reading and literacy growth
Post on 27-Jan-2017
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Reading and Literacy Growth
By Roshanda M. JohnsonEDUC 6727
Reading and Literacy Growth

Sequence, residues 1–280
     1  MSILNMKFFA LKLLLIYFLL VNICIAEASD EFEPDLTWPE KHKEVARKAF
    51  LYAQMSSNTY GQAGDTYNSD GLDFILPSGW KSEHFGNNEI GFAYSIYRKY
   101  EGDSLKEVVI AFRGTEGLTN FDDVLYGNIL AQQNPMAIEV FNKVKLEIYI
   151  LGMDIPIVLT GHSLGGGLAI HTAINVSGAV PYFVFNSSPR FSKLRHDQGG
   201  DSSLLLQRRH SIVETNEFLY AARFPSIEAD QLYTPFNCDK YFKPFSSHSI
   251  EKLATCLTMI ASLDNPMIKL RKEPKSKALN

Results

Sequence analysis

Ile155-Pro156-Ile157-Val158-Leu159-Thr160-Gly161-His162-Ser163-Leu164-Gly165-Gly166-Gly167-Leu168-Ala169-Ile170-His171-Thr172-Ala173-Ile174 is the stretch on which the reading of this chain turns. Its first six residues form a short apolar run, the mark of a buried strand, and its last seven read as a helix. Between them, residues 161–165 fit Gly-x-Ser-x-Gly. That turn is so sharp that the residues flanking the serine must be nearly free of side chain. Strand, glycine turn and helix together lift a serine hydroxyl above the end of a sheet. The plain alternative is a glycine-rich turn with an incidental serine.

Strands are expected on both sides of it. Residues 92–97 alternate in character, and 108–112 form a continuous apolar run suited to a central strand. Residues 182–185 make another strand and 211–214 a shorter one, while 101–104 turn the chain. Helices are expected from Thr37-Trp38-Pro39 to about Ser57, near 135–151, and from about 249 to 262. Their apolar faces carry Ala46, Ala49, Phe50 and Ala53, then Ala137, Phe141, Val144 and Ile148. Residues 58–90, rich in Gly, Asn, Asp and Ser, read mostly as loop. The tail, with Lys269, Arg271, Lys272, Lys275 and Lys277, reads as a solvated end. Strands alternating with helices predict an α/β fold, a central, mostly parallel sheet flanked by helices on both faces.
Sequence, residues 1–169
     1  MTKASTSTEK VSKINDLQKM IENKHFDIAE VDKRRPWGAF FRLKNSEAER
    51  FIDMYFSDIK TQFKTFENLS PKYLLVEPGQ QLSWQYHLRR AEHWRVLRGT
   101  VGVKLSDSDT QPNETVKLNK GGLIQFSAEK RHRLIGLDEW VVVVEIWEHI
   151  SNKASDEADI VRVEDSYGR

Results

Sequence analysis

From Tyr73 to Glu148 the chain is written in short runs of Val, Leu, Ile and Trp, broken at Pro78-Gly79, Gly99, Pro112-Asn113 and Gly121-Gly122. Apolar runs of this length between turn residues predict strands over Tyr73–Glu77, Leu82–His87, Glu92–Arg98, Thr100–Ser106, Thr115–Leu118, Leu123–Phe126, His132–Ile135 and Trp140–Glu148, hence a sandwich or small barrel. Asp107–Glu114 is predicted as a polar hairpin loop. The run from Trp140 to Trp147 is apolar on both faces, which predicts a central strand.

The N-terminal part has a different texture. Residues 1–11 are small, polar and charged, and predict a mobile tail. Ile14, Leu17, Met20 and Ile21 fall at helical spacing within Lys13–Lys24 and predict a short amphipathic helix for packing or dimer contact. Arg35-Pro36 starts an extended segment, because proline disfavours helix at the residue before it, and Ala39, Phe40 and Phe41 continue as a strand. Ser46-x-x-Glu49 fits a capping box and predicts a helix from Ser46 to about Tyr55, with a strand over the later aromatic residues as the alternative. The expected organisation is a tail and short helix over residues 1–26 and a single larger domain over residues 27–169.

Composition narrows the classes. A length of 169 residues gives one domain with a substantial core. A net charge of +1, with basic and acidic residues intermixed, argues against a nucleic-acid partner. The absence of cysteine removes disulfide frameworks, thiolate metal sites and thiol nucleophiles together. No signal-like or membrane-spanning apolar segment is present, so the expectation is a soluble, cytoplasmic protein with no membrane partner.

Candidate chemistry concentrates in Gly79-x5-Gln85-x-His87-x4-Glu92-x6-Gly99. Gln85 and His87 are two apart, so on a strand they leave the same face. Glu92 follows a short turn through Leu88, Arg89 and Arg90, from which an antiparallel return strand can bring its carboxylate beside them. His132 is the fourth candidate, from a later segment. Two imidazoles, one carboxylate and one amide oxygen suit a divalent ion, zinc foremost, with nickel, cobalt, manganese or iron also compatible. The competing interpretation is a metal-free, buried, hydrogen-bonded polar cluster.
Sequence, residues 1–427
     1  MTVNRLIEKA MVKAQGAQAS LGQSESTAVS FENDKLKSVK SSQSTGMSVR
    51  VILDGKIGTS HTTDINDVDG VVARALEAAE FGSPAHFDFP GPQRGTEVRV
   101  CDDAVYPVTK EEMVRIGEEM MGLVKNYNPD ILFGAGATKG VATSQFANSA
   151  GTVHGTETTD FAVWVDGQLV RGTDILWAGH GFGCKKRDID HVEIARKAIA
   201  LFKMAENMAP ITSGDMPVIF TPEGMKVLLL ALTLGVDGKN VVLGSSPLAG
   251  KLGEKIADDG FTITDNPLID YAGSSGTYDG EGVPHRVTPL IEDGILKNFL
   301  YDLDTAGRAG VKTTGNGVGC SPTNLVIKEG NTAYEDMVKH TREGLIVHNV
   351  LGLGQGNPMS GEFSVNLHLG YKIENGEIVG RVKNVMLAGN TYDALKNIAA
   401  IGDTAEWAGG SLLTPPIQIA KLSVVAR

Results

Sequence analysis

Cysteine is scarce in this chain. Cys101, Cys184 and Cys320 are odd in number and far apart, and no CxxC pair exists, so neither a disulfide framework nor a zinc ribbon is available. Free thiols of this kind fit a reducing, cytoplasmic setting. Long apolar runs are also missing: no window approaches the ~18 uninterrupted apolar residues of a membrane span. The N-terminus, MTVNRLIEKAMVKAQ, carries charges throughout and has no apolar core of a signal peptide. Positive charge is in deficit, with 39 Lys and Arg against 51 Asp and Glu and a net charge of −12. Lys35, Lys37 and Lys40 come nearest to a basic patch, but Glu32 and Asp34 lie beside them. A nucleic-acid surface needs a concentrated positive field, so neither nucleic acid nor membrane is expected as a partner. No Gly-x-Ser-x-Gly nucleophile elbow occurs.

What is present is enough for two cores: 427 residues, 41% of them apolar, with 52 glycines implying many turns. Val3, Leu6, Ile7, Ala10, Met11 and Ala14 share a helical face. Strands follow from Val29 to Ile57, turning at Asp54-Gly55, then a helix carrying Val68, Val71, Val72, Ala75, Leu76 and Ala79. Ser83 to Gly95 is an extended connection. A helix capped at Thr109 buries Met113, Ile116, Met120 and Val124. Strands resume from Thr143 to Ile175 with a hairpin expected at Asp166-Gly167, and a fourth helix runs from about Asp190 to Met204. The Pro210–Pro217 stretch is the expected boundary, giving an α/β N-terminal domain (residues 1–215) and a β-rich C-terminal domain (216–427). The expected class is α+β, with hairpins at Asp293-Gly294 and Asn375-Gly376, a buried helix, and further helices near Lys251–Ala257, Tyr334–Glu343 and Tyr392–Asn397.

IntroductionReading is a complex but purposeful process that can begin as early as conception, and according to Reutzel and Cooter (2015), Reading is the skill that makes virtually all other learning possible (p. 5). As literacy teachers, we play such a special role and potentially pave the way for our students future learning and contributions to the world. As our students develop as readers and writers and move beyond the primary grades, the challenges they face are more complex and we must therefore provide them with the tools to be successful. Although in grades 4-6, student reading levels can begin to decline and many lose a desire to read, as literacy instructors we can positively influence our students. By understanding our students, meeting their basic needs, utilizing varied research-based instructional practices and diverse materials, and connecting literacy to their identities, we have the power to keep them on a steady path to success. Our challenge each day is to create an effective literacy environment for our 4th-6th graders where diverse needs are met and we hold the highest expectations for all students. Success in literacy development sets the precedence for all other learning and can help prepare students for tomorrows world.